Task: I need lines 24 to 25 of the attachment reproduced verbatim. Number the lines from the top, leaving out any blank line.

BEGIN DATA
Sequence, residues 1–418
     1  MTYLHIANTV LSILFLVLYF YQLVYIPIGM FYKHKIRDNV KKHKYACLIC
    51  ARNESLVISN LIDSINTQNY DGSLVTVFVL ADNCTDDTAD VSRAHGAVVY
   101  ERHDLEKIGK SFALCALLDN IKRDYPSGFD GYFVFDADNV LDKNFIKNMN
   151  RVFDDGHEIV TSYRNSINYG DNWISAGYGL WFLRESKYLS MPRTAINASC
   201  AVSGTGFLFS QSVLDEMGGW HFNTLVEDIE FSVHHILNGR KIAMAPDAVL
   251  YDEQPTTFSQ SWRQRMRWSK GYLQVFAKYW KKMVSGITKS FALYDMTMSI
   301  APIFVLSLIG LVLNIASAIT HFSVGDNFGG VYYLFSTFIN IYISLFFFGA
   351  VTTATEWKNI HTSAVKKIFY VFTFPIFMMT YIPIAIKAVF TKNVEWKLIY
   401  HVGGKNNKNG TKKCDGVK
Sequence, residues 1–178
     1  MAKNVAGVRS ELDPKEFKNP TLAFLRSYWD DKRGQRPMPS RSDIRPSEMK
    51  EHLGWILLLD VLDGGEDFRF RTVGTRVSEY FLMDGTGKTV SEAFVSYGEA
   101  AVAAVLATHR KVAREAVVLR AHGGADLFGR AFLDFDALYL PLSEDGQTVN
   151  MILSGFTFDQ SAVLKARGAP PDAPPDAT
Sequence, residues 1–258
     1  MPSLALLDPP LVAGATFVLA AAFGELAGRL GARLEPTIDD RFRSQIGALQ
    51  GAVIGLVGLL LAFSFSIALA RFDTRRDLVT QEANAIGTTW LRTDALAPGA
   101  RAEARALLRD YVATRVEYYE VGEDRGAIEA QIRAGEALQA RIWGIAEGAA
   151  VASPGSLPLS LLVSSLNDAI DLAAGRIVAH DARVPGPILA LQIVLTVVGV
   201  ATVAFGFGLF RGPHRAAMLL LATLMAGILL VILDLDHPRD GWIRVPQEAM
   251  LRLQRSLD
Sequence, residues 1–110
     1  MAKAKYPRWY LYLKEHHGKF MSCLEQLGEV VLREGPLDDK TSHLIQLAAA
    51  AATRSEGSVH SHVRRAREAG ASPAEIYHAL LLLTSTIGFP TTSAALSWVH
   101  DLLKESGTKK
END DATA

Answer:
     1  MAKAKYPRWY LYLKEHHGKF MSCLEQLGEV VLREGPLDDK TSHLIQLAAA
    51  AATRSEGSVH SHVRRAREAG ASPAEIYHAL LLLTSTIGFP TTSAALSWVH